4

Moreover, significantly unlike the facts of the Smith case, here The Hanover Bank sought to enforce contracts executed by the bankruptcy trustee, after the bankruptcy and by the express authority of the bankruptcy-reorganization court. Whether the Smith-case doctrine would govern the lease of a railroad line similarly executed, we need not now decide. But we think that doctrine cannot apply to equipment-trust obligations which the bankruptcy court has authorized.5

5

Nor, all else aside, is 49 U.S.C.A. § 1(18) relevant here. The district court's orders did not permit the railroad or the bankruptcy-trustee to abandon either any part of its 'line' or any 'operation.' To 'abandon' in this context means, we think, to give up permanently, not merely to suspend operations for lack of physical equipment. No Commission approval is necessary where the cessation of operations results, not from the volition of the railroad or its bankruptcy-trustee, but from the exercise of the supervening rights, here recongized by the Bankruptcy Act, of third persons. See, e.g., Town of Conway v. Atlantic Coast Line R. Co., 4 Cir., 20 F.2d 250, 259-260.6 Especially in a case like this, if such approval were required before equipment-trust certificate-holders could recapture the equipment on default, the market for such certificates might well dry up, and accordingly railroad reorganization trustees might often be unable to procure needed equipment, with the consequence that suspension of operations would often be accelerated rather than avoided.7

6

Affirmed.

1 11 U.S.C.A. § 205(b).

2 49 U.S.C.A. § 1(18).

3 Section 77(o) of the Bankruptcy Act-- 11 U.S.C.A. § 205(o)-- authorizes the bankruptcy-trustee to sell or abandon lines or other property of the railroad 'only with the approval and authorization of the Commission when required by the Interstate Commerce Act.'

4 11 U.S.C.A. § 205(j).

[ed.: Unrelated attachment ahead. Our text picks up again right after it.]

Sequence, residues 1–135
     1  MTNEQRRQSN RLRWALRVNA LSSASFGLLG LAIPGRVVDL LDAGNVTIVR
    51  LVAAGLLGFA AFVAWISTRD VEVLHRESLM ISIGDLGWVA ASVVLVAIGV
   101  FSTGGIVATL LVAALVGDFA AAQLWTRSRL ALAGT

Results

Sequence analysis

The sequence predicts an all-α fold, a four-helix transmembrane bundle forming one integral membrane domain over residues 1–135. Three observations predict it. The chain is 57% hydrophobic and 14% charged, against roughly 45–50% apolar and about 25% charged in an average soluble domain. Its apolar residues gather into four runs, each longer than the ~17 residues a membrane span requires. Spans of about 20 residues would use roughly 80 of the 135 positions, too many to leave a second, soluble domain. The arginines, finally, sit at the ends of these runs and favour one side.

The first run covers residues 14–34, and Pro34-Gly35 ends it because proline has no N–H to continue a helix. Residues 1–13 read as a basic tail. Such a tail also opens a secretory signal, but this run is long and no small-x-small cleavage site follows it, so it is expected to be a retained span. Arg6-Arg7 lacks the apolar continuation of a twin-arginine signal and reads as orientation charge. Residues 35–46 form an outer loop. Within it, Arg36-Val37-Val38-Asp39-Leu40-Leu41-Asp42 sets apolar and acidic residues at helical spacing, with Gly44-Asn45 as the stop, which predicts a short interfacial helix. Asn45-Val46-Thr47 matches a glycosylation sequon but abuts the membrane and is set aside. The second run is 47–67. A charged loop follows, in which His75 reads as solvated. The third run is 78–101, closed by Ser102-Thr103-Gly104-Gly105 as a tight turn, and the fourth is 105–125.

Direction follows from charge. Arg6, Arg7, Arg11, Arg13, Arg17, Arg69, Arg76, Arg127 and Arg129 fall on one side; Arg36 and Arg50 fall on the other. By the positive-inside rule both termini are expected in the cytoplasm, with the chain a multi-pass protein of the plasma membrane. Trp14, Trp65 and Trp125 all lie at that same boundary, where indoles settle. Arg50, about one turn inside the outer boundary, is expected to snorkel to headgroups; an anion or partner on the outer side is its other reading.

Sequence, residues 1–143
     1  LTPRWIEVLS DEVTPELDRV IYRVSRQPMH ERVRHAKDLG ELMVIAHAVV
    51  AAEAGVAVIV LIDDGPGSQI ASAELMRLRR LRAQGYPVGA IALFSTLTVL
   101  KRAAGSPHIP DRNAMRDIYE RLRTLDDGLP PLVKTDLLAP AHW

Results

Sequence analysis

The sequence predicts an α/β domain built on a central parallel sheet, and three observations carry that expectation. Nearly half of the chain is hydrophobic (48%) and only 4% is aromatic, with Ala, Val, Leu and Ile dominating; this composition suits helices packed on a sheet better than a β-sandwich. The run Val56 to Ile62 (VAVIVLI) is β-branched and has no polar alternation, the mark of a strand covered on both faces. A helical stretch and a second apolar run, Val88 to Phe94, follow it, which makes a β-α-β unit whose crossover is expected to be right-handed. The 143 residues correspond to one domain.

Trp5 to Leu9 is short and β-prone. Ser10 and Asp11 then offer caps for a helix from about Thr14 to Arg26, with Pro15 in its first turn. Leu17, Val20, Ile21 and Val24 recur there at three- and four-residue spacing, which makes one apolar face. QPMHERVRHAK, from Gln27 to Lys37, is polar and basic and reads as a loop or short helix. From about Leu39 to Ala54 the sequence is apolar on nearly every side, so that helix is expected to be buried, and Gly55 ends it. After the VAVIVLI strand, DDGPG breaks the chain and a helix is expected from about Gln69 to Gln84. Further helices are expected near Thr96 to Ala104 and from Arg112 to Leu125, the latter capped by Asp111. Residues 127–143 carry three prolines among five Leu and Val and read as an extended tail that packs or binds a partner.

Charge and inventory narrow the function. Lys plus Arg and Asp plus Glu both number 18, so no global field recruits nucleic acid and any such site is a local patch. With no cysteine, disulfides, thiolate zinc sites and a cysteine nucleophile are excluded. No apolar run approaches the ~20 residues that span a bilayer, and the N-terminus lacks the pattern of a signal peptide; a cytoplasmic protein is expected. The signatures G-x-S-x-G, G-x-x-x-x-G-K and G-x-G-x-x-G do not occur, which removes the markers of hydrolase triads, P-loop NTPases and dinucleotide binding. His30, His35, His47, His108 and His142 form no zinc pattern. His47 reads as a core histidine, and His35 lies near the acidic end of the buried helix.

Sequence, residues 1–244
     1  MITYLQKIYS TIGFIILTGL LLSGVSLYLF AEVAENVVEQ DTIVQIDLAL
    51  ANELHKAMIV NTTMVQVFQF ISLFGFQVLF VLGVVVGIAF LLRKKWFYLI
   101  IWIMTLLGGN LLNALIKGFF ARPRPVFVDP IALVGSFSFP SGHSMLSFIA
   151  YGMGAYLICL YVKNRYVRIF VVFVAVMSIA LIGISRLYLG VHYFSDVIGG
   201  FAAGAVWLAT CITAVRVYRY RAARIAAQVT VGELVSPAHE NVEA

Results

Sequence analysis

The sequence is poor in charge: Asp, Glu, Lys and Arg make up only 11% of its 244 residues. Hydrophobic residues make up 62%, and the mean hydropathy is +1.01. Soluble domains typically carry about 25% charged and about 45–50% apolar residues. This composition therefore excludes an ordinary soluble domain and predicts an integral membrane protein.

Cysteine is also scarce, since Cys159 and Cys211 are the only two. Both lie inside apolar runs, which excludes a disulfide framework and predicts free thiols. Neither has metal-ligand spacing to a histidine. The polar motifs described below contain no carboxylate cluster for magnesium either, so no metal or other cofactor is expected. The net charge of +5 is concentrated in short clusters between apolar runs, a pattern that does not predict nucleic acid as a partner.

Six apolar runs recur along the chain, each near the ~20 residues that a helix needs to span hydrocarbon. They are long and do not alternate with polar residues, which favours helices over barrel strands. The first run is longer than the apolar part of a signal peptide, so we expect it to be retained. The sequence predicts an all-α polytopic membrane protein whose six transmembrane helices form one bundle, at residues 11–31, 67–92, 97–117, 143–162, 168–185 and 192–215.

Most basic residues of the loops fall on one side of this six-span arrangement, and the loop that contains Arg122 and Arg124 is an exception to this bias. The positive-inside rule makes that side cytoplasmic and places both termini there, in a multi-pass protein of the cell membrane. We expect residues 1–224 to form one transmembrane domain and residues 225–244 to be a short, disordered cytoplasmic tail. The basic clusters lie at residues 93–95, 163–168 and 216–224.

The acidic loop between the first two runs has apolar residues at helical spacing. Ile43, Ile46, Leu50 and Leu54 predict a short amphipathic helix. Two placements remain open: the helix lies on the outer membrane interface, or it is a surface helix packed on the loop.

5 The foregoing discussion will serve to distinguish statements in the following cases cited by appellants: Thompson v. Texas Mexican Ry. Co., 328 U.S. 134, 66 S.Ct. 937, 90 L.Ed. 1132; Palmer v. Commonwealth Massachusetts, 308 U.S. 79, 60 S.Ct. 34, 84 L.Ed. 93; Ecker v. Western Pacific R. Corporation, 318 U.S. 448, 63 S.Ct. 692, 87 L.Ed. 892; Gardner v. State of New Jersey, 329 U.S. 565, 67 S.Ct. 467, 91 L.Ed. 504; Thompson v. State of Louisiana, 8 Cir., 98 F.2d 108; Van Schaick v. McCarthy, 10 Cir., 116 F.2d 987.

6 There it was held that absence of I.C.C. approval constituted no defense in a proceeding by a town to compel a railroad to remove a segment of its track, thus severing its line.

Cf. Chamber of Commerce of Demopolis v. Southern Railway Company, 206 I.C.C. 70 (failure of railroad, for lack of funds, to replace a wrecked bridge not an illegal abandonment); Akron & B.B.R. Co., Abandonment of Operation, 239 I.C.C. 250, 254.

7 Although not the basis of our decision, we not the following in passing: (1) That the railroad is still operating goes to show that the orders did not authorize abandonment. (2) The bankruptcy-trustee stated that, if deprived of the diesel-electric locomotives, he can continue to operate by leasing steam locomotives.

We are not to be understood as indicating that, considering this railroad's prolonged grave financial condition and the failure to work out a reorganization plan, the court below should not soon direct the bankruptcy trustee to seek I.C.C. approval of abandonment of operation. Cf. Bankers Trust Co. v. Gebhart, 2 Cir., 195 F.2d 238, 240.